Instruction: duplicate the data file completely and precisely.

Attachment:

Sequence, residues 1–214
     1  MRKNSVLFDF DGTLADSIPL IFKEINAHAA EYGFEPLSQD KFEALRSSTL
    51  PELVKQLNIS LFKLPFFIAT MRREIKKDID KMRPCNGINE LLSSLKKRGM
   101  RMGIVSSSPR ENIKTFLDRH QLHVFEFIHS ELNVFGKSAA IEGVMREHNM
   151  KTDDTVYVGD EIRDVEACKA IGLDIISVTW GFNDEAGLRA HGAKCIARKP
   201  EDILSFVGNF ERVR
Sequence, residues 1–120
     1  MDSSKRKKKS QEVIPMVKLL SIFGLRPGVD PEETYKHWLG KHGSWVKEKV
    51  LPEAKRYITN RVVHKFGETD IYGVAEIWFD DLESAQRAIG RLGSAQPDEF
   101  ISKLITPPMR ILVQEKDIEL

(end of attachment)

Sequence, residues 1–214
     1  MRKNSVLFDF DGTLADSIPL IFKEINAHAA EYGFEPLSQD KFEALRSSTL
    51  PELVKQLNIS LFKLPFFIAT MRREIKKDID KMRPCNGINE LLSSLKKRGM
   101  RMGIVSSSPR ENIKTFLDRH QLHVFEFIHS ELNVFGKSAA IEGVMREHNM
   151  KTDDTVYVGD EIRDVEACKA IGLDIISVTW GFNDEAGLRA HGAKCIARKP
   201  EDILSFVGNF ERVR
Sequence, residues 1–120
     1  MDSSKRKKKS QEVIPMVKLL SIFGLRPGVD PEETYKHWLG KHGSWVKEKV
    51  LPEAKRYITN RVVHKFGETD IYGVAEIWFD DLESAQRAIG RLGSAQPDEF
   101  ISKLITPPMR ILVQEKDIEL